# Fully dualizable objects in classical field theories

This is a follow up to this MO question: Free symmetric monoidal $(\infty,n)$-categories with duals

Freed-Hopkins-Lurie-Teleman define a classical field theory as a symmetric monoidal functor $I$ from $n$-cobordism to the symmetric monoidal $n$-category $Fam_n(\mathcal{C})$ of $n$-families over a fixed symmetric monoidal $n$-category. This is required to lift a certain "geometric background", i.e., a fixed functor from $n$-cobordism to the $n$-category $Fam_n$.

If $\mathcal{C}$ in an $(\infty,n)$ symmetric monoidal $n$-category with duals, then it is likely that $Fam_n(\mathcal{C})$ has duals, too (I have so far checked this only for $n=1$; in this particular case, the dual of a functor $X\to \mathcal{C}$ from a finite groupoid $X$ to $\mathcal{C}$ is nothing but the dual representation of $X$; and I expect this will still be true for higher $n$'s). Then, by the cobordism hypothesis, the datum of $I$ would be reduced to the choice of a fully dualizable object $I(*)$ in $Fam_n(\mathcal{C})$, i.e., of a functor $X\to \mathcal{C}$ "with a few good properties". The object $I(*)$ is explicited a couple of times in the paper (namely in the cases $n=1$ and $n=2$), but its fully dualizability is never discussed, nor seems to be claimed that $I(*)$ already contains all the information of $I$. For $n=3$, instead, the natural 3-representation of the groupoid $*//G$ which would starightforwardly generalize the $n=1$ and $2$ cases is not considered explicitely, and only its integrated (or quantized) version apperas.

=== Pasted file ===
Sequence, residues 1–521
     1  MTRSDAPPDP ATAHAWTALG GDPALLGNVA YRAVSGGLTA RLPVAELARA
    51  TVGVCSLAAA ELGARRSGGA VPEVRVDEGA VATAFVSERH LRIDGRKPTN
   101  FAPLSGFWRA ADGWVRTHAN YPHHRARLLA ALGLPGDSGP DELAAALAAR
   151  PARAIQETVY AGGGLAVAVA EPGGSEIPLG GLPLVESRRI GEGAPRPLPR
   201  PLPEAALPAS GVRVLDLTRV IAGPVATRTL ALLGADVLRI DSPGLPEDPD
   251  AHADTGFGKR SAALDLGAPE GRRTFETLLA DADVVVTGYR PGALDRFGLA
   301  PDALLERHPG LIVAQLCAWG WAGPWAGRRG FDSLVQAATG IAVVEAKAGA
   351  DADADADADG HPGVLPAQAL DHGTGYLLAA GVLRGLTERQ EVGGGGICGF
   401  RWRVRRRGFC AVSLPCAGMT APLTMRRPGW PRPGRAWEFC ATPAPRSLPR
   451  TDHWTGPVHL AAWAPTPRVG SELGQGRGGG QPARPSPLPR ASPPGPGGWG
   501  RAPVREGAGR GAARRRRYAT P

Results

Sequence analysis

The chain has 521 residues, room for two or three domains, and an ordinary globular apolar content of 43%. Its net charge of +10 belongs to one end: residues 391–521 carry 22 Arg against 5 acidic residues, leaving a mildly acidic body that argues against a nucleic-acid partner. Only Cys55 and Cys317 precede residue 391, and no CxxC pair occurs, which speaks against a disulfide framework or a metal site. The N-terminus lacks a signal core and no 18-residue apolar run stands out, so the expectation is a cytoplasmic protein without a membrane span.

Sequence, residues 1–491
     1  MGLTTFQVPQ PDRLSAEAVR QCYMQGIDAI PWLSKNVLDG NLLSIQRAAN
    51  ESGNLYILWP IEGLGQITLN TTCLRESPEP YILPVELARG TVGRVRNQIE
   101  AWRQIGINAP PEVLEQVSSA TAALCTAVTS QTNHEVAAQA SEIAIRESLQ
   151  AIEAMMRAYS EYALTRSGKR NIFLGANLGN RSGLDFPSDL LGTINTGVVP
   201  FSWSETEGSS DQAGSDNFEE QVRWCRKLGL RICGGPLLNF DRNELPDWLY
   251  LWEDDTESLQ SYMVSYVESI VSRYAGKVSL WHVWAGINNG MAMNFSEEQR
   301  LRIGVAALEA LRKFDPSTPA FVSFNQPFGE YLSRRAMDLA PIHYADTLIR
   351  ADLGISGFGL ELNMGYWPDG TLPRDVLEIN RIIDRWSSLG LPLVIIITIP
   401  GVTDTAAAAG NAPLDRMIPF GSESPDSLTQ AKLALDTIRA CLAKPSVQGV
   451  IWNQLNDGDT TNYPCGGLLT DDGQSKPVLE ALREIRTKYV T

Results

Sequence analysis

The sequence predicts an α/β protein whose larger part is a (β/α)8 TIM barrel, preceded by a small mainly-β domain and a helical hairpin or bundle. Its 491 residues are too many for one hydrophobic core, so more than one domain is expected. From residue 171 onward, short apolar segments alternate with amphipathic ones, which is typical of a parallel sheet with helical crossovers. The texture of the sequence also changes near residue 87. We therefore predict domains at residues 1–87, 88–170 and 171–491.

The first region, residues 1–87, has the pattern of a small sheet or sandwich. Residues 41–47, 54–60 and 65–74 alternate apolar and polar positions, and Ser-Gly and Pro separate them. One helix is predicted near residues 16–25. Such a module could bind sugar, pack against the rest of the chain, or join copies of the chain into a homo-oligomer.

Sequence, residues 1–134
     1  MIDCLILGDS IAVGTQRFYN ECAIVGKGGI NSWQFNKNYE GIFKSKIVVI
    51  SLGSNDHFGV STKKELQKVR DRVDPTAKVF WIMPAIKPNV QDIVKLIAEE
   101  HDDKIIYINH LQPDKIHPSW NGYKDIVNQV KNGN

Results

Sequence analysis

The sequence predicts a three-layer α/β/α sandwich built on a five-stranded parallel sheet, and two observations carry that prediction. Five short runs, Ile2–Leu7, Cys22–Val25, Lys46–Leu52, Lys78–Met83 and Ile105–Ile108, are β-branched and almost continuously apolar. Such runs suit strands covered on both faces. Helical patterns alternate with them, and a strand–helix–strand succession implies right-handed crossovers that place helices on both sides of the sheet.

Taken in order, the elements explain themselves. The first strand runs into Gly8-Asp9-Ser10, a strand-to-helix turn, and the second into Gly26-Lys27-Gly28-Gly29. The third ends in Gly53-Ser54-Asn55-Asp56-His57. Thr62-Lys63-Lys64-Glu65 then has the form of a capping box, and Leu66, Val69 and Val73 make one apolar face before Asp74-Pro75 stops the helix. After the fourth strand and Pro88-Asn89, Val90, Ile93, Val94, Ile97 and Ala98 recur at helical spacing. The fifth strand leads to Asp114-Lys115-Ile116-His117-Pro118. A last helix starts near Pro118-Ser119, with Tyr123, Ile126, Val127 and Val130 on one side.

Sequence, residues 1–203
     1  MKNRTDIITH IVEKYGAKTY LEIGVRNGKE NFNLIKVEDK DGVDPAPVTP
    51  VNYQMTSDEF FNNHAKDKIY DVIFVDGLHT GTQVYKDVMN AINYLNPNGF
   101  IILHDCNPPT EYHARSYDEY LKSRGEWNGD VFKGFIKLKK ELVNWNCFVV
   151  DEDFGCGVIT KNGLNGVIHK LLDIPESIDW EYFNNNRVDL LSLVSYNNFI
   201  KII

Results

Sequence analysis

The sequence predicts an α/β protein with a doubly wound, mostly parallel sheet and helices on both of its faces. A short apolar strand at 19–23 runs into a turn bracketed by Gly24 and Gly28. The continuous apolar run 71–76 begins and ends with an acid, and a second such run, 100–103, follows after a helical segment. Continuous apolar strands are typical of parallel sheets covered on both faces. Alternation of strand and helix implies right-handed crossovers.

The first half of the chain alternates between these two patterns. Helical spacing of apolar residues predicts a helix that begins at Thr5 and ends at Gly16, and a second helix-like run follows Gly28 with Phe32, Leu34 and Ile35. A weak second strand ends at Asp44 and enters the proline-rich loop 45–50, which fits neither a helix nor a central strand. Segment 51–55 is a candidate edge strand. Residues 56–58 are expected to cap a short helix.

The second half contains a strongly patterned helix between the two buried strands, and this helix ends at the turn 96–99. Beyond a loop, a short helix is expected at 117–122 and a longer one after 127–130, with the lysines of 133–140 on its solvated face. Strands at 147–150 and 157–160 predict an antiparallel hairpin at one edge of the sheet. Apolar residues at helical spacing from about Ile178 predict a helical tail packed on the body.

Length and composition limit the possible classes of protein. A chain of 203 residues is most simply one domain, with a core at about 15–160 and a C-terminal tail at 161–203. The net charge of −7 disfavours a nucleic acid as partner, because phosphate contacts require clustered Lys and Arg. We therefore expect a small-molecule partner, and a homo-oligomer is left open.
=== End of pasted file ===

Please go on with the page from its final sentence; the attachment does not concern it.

Therefore, here is the question:

Is it correct that a classical field theory $I$ in the sense of Freed-Hopkins-Lurie-Teleman are equivalent to the datum of a fully dualizable object $I(*):X\to \mathcal{C}$ in $Fam_n(\mathcal{C})$ as claimed above? (with the "background geometry" given by the groupoid $X$)

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